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Audit shows community pharmacy's value

Jeremy Meader says community pharmacy teams have yet again shown their capability in the face of continued pressure

The 2022 pharmacy advice audit conducted by the Pharmaceutical Services Negotiating Committee in England is worthy of note. Some 4,139 community pharmacies – a sizeable proportion of all the pharmacies in England – took part over the Winter, recording more than 82,000 interventions. 

The data suggests that, on average, a community pharmacy consults with 19.2 patients per day, while across the total population of 10,800, pharmacy teams are carrying out 1.2 million consultations per week, or almost 65m per year – an increase from the 2021 figure of 58m.

This impressive figure demonstrates the growing trust and value that people place in their local pharmacy. It sends a clear message to policymakers that the pharmacy network is one that requires and deserves further investment in order to meet patient demand.

However, it was disappointing that the tabloids chose to ignore the pharmacy first message and instead chose to report this as an 'NHS in crisis' story; that people were turning to their local pharmacist simply because they could not get an appointment with their GP. 

This is utter nonsense. It portrays the sector as some kind of poor relation and a second class service in comparison to GPs. It does a grave disservice to hard-working pharmacy teams who are dedicated to supporting their patients.

Most people understand that their GP is not always the most appropriate healthcare professional to turn to for advice. They value the access community pharmacy offers and they know if the pharmacy team have any concerns they will flag those with the patient’s GP.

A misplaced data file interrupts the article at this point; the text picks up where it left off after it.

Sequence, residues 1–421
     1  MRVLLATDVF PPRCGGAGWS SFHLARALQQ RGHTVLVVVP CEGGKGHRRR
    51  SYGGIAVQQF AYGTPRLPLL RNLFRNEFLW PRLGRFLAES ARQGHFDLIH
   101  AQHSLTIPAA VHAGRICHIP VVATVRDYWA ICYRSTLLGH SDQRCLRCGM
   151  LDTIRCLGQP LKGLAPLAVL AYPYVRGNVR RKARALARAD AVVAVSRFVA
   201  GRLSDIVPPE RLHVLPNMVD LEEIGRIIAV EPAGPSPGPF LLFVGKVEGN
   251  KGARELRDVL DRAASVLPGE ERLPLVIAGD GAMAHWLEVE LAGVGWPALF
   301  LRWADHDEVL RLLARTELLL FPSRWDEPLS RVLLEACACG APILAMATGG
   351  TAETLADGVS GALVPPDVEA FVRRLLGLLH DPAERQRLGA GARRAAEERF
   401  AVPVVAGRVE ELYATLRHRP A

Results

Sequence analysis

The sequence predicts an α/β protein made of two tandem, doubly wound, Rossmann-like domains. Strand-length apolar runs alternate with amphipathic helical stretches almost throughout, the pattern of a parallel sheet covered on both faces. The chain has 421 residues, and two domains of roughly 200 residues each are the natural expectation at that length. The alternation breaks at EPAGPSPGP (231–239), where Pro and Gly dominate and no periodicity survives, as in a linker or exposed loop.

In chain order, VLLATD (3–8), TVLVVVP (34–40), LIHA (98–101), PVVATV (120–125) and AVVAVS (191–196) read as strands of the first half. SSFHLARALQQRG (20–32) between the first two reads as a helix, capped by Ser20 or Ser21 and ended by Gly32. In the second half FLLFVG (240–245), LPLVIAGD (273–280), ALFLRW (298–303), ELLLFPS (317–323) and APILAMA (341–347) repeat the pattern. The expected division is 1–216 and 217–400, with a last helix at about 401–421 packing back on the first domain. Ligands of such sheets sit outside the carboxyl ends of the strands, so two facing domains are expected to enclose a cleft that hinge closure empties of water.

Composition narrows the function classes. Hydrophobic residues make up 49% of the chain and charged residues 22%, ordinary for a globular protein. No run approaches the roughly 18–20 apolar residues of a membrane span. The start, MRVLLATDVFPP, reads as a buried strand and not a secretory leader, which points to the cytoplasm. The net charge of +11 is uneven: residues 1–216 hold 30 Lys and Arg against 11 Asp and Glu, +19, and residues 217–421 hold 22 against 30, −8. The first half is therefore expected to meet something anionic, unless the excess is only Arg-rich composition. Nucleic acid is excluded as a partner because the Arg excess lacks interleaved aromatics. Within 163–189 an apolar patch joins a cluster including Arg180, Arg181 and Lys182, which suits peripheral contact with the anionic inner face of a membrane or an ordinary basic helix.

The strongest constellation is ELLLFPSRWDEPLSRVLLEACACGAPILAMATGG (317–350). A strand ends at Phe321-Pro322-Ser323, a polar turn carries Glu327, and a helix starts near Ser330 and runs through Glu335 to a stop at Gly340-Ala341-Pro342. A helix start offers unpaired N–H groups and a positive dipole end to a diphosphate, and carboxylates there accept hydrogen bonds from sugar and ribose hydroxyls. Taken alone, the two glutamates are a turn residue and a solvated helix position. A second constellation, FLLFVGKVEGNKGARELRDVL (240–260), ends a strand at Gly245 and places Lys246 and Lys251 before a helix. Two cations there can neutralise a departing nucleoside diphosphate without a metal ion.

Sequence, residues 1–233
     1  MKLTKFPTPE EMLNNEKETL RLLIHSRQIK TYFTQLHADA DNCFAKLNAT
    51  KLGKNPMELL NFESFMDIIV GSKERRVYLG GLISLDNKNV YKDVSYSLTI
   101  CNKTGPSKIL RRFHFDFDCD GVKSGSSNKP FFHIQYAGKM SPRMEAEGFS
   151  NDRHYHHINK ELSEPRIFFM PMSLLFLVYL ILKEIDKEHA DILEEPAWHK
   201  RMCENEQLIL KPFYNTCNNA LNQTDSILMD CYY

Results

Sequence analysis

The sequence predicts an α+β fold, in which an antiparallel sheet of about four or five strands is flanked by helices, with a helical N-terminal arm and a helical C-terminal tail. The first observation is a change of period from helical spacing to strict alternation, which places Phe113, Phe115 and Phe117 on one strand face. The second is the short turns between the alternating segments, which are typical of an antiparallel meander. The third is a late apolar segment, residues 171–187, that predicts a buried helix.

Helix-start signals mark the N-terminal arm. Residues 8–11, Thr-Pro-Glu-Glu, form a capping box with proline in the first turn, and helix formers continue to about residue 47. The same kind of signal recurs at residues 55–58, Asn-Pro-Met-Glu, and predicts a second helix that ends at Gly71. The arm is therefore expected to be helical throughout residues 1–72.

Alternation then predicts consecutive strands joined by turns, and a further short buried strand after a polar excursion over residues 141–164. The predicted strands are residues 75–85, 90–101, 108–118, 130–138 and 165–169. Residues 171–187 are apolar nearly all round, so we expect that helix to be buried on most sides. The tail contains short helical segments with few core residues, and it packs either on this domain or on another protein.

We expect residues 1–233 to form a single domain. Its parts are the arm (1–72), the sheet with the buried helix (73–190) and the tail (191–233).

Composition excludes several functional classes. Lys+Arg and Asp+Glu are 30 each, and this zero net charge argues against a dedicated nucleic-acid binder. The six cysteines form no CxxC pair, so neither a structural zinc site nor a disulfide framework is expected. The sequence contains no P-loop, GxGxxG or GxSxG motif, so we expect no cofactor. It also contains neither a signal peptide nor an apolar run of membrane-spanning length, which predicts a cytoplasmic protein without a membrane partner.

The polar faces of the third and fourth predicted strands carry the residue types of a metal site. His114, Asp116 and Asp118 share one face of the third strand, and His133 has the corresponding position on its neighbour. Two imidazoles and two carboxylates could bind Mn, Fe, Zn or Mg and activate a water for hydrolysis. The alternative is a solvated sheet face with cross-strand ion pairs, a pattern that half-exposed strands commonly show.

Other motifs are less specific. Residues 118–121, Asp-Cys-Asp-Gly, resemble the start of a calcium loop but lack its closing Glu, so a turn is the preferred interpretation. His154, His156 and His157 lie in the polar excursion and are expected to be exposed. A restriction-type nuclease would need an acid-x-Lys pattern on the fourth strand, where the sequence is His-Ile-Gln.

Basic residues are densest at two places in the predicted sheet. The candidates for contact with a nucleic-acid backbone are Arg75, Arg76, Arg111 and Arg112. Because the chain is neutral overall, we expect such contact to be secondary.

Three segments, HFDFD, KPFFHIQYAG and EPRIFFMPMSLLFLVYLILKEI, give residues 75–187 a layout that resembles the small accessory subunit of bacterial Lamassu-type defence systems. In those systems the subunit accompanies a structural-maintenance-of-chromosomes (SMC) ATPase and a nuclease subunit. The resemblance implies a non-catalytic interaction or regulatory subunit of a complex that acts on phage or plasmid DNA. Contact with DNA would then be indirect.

Those early interventions can be literally lifesaving, which is why I welcome the new cancer referral pilot. Most people visit their local pharmacy far more often than their GP surgery, creating more opportunities for concerning symptoms to be spotted at an earlier stage.

The role of community pharmacy as a vital element of primary care should not be casually dismissed or undermined. GPs are struggling with growing demand from a growing elderly population with long-term chronic conditions while trying to tackle the Covid healthcare backlog at the same time.

"it was disappointing that the tabloids... instead chose to report this as an 'NHS in crisis' story"

Pharmacy has a critical role to play in meeting the healthcare needs of the population, as we have seen with the development of the Pharmacy First service in Scotland, action to promote the role of pharmacy in Wales and the former Westminster health secretary’s recent announcement of a review of primary care with community pharmacy at the forefront.

The pandemic surely put to bed outdated stereotypes about pharmacy simply being the place where you pick up medicines prescribed by your GP. Many people experienced, perhaps for the first time, the range of professional healthcare services available and, of course, NHS 111 and GPs are referring an increasing number of people to community pharmacy. The tabloids should take note. 

Patient expectation and experience has changed and is changing. A recent survey found that half of all GPs in England intend to retire at 60, if not before, with many considering working reduced hours before they retire. The ‘access to a GP’ complaint is going to be with us for many more years, which has to mean beefing up and investing in the community pharmacy network. 

Governments in Scotland and Wales understand this, but England is once again late to the game. The sector in England faces funding austerity and, as a result, it is shrinking, even while it is continually being asked to do more. This is not sustainable.  

It is time to recognise that the pharmacy contract in England is no longer relevant to today’s national healthcare needs: circumstances have changed dramatically since it was agreed just three years ago. If the next two years bring yet more pharmacy and GP surgery closures – which sadly looks inevitable – there should be a lot of unhappy voters at the next general election. More importantly, our NHS will fail to meet its healthcare improvement targets.

Jeremy Meader is managing director of Numark

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